• Experiences of taking part in the trial (if agreed to take part)

  • Understanding of the trial design

The interview guide remained unchanged throughout data collection because no new topics were highlighted during the first few interviews.

Data analysis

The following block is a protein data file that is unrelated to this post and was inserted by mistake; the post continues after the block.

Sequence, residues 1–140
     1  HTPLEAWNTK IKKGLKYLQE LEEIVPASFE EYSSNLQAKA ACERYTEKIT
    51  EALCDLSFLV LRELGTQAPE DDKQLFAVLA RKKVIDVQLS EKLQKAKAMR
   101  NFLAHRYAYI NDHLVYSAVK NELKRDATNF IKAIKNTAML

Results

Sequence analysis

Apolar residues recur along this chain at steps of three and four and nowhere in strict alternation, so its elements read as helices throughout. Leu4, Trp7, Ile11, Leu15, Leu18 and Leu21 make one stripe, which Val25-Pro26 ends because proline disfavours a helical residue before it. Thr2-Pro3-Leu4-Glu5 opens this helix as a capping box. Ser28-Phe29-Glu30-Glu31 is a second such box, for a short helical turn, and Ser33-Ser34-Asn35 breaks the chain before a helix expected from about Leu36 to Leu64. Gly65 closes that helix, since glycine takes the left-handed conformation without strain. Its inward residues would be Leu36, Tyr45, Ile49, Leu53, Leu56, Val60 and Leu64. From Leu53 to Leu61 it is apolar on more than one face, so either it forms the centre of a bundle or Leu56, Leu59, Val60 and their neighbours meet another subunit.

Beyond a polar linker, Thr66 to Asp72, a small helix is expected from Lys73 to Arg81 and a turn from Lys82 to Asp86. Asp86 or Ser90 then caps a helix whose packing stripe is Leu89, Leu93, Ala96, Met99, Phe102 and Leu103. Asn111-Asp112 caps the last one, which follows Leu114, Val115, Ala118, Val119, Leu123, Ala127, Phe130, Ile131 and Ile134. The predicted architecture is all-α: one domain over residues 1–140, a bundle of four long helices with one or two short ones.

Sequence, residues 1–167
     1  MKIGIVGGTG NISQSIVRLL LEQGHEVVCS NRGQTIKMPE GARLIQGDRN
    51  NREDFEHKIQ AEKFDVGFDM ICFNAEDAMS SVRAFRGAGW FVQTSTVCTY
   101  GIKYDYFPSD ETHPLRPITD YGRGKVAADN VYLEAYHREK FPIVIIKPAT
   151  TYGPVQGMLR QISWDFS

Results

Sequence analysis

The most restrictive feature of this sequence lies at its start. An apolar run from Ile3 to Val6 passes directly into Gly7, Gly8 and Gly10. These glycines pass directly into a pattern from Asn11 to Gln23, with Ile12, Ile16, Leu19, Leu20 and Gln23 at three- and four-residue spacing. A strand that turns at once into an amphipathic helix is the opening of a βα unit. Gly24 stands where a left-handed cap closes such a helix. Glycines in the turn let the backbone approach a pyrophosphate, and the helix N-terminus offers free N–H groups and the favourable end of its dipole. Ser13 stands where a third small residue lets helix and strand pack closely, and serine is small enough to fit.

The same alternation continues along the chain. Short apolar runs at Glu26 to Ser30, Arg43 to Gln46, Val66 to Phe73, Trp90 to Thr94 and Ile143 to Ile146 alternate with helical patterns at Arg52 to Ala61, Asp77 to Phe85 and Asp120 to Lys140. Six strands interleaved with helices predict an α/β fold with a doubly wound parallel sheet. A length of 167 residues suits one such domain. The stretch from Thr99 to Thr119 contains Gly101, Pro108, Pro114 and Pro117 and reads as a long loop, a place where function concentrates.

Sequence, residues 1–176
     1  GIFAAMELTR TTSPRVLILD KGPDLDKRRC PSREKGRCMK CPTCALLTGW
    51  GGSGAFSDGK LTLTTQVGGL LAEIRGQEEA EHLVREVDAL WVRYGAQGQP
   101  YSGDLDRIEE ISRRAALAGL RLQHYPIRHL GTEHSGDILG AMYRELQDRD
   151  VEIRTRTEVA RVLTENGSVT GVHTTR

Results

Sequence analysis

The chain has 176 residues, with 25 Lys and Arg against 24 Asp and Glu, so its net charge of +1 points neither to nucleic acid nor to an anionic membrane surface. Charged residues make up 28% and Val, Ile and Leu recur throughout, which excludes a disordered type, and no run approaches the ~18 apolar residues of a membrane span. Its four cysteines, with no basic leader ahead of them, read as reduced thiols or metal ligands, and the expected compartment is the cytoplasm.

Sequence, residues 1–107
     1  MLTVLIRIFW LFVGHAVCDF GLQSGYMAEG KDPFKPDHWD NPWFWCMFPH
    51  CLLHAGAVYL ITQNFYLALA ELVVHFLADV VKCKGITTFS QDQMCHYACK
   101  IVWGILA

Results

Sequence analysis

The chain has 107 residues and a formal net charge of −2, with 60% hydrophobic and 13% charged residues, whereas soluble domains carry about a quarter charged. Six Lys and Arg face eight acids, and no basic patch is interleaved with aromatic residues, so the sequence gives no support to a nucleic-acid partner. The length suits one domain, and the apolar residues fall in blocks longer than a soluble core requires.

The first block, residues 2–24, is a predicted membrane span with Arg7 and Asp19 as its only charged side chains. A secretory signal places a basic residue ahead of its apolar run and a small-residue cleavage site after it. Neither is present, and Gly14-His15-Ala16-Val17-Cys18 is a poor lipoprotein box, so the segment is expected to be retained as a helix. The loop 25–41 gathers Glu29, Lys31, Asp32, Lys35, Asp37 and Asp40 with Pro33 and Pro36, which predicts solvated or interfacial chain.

Once all the interviews had been completed, they were uploaded via digital media for transcription using a standard operating procedure to ensure participant confidentiality. The anonymised transcripts were transcribed verbatim and uploaded to NVivo 10 software [29], and relevant extracts were isolated and coded. Data analysis was conducted via the Framework Analysis approach [30], which is suited to applied healthcare research situations where the aim of the study is to inform future practice, based on existing practice, rather than theoretical development. The analysis techniques include familiarisation (where the researcher becomes immersed in the data), developing a theoretical framework (where a hierarchical thematic framework is developed to classify and organise data into key themes, concepts, and categories), indexing (where the framework is applied to the original data transcripts and coded accordingly), charting (where each theme is charted using a table or matrix using summaries of the data), and mapping and interpretation (where the charts and data are examined for patterns and connections). Co-coding was carried out by the main qualitative researcher and a second qualitative researcher who worked in the same department. The second researcher carried out 10% of the interviews to ensure validity of the analysis and to verify interpretation. A thematic hierarchy was then produced. Any disagreements were resolved through discussion. Although data analysis commenced while the trial was ongoing, findings were too early to result in changes to the conduct of the trial.